NFL logoAs reported by Variety, FierceCable, and plenty of other outlets, Verizon announced today that it will pay the NFL more than $2 billion for another five years of streaming rights through the 2022-23 season. It’s a hefty increase over its current $1 billion four-year deal, yet Verizon will no longer be the exclusive source of streaming games on smartphones, although it can offer them on its other properties such as Yahoo Sports, AOL, and Go90. Also, Go90 still exists.

The only games that aren’t covered are out-of-market Sunday afternoon games, which will continue to be the big, expensive carrot dangled by DirecTV for at least a few more seasons.

The best part of the deal, from my perspective, is the end of the goofy no-phone rules by which I could watch a game on NFL Network on Sling on my tablet but not my phone, or watch Monday Night Football on the Watch ESPN app on my AirTV but not my phone. You get the idea. It seems like a win-win – the league gets more viewers and we get to watch our paid services where we want. Let’s hope when the details emerge that it works out that way.

If you read nothing else, check out today’s article in Wired about the origins of Net Neutrality, written by the guy who coined the term, Tim Wu. The concept that bridges, railroads, and other common carriers shouldn’t discriminate based on traffic type goes back hundreds of years, and the telecommunication version goes back to the early 1970s. Wu also offers a bit of hope from the court system. “The Supreme Court requires that an agency demonstrate its action was not ‘arbitrary’ or ‘capricious’; it must ‘examine the relevant data and articulate a satisfactory explanation for its action.'” he wrote. “And when it changes course dramatically, as the FCC has, the agency must explain why it ‘now reject[s] the considerations that led it to adopt that initial policy.’”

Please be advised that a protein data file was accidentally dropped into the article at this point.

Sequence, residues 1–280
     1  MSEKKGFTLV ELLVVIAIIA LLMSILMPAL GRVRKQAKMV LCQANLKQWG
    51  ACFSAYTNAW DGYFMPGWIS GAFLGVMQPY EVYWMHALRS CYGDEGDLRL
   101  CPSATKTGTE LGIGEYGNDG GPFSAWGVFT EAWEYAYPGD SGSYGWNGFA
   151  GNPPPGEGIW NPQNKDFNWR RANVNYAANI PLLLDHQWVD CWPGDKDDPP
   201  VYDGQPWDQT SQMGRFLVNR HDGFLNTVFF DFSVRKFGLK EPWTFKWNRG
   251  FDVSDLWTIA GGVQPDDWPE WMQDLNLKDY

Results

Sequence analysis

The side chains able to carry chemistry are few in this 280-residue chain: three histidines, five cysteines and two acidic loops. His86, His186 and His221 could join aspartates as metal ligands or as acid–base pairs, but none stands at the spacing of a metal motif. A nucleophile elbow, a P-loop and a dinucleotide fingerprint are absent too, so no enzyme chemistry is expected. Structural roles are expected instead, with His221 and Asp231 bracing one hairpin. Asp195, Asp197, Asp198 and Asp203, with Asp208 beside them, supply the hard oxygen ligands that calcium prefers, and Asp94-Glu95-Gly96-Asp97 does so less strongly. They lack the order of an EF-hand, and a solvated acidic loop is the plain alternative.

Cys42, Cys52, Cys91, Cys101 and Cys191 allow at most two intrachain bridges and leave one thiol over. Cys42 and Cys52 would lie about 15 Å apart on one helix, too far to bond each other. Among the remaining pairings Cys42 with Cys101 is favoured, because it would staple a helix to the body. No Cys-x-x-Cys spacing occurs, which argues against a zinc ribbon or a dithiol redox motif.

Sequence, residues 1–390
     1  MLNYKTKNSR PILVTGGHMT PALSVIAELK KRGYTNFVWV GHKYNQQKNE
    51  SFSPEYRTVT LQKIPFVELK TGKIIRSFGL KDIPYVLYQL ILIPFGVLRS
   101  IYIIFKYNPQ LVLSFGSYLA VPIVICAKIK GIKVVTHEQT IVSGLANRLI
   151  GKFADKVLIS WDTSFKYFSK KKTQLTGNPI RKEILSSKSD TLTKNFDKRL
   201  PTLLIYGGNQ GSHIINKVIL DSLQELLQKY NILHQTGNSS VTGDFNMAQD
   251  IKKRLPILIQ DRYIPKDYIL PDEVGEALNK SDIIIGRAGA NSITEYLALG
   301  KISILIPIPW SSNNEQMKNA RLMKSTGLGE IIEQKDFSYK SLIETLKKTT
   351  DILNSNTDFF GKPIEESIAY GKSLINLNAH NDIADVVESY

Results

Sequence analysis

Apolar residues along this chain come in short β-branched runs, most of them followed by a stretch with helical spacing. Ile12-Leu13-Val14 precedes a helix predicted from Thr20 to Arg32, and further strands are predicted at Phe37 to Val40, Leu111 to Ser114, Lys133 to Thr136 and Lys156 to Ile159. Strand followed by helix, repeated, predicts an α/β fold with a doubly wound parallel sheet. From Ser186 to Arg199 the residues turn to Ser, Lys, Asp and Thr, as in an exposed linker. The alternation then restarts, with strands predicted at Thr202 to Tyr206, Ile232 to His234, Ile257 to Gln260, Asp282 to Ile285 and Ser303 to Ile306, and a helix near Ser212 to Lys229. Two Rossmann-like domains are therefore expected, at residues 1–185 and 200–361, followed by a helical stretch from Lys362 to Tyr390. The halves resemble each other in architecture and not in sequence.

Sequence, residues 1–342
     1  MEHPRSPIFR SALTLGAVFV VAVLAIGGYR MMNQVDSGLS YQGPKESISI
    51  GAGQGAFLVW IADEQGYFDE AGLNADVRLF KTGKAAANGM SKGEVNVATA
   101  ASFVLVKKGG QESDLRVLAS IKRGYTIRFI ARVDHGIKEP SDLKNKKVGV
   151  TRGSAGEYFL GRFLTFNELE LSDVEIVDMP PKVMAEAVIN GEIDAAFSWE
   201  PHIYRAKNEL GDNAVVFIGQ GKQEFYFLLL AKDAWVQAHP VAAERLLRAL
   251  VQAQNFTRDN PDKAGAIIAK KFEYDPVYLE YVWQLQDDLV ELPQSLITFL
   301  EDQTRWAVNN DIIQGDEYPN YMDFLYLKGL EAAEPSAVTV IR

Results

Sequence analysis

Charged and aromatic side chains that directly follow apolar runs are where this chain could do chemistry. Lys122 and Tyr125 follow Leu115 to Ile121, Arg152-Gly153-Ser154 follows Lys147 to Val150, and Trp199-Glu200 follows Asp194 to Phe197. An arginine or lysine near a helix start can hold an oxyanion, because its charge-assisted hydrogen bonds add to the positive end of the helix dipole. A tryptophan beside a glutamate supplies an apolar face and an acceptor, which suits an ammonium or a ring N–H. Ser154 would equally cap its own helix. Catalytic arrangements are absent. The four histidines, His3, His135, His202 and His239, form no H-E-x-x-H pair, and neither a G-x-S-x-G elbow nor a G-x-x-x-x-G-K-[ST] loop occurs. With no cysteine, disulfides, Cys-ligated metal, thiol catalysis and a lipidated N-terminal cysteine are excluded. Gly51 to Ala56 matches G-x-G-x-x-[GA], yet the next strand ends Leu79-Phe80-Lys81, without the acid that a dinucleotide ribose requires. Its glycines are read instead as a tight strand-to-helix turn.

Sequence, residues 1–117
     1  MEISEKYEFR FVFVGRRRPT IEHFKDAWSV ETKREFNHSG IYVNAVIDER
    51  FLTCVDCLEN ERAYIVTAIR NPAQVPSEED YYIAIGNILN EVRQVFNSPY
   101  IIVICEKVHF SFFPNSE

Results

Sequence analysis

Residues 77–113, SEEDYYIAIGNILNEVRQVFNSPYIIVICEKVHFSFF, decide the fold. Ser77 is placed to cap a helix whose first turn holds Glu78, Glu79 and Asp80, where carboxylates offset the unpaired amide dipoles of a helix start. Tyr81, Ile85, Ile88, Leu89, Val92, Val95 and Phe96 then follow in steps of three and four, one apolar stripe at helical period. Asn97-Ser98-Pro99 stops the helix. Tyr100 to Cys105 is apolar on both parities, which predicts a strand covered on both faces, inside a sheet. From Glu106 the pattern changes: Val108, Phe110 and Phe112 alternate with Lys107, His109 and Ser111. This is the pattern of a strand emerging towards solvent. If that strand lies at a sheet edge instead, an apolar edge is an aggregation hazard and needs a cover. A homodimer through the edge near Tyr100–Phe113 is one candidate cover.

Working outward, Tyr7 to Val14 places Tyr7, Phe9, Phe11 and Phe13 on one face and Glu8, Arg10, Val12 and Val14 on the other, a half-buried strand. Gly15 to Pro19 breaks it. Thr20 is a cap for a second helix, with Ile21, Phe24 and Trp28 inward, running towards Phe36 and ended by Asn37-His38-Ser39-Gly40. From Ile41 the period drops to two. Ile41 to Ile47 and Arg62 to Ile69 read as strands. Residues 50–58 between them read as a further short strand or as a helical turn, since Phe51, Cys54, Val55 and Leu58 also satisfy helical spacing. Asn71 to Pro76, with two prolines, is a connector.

Joel Espelien of TDG Research wrote that despites its denials, Amazon is prepping a skinny bundle of pay-TV channels to launch in the first half of 2018 as an Amazon Prime benefit. As he pointed out, for folks who subscribe to Prime mainly for the free shipping, everything else is gravy; it “feels like it’s free.” Amazon doesn’t need to make money on TV in the short term, and getting customers hooked on a “free” set of channels might be a great opportunity to upsell them on some premiums.

And Parks Associates released a report on Smart TVs and The User Experience, as reported on today by Broadband TV News and others. It said that viewers want easy navigation and discovery in their TV interfaces. I’d add that curation underpins that discovery component, and that ease of use is paramount. When Roku first came out, I wondered why anyone would choose it over a connected, dedicated Windows PC, which could access everything the Roku could and then some. Now I know better.

Last week, David Garrick at The San Diego Union-Tribune pointed out an impartial perspective on the decline of cable TV subscriptions. Cities have reported decreases in their franchise fees, which are typically set at a fixed percentage of cable systems’ revenues. For example, the city of San Diego has seen cable franchise fees drop 12.2 percent over the past two years, an annual loss of over $2 million.

Some cities have contemplated adding a tax on internet-delivered pay-TV, but Garrick couldn’t find any that had implemented it. Do cities get a franchise fee from internet service providers? It seems to me that would fix the problem.

Coming at it from another direction is my favorite pundit, Shelly Palmer. He wrote yesterday that TV has a problem coming from the other direction – its advertisers. Network ad sales groups are trying to whip up data-driven metrics to repackage their shows to attract ad buyers in ways the Nielsen ratings don’t. “Of course, the pressure on TV ad sales is not Nielsen’s fault,” Palmer wrote. “The blame can be placed squarely on changes in consumer behavior.”

Put another way, companies that buy ads don’t really want ads, they want results, either sales or an increase in brand awareness. The truly data-driven future is when these companies can track each outcome and pay the TV intermediary accordingly.

As always, Palmer sticks the dismount. “TV, the art form, is in its platinum age. But the future present of video packaging and distribution is on-demand and digital. TV the platform simply cannot survive under its current business model. It must evolve.” I would add that the natural benefits of free broadcast TV (ubiquity, attractive price, one-to-many bandwidth usage) should keep it in the mix in the decades to come, although its evolved form has yet to be unveiled.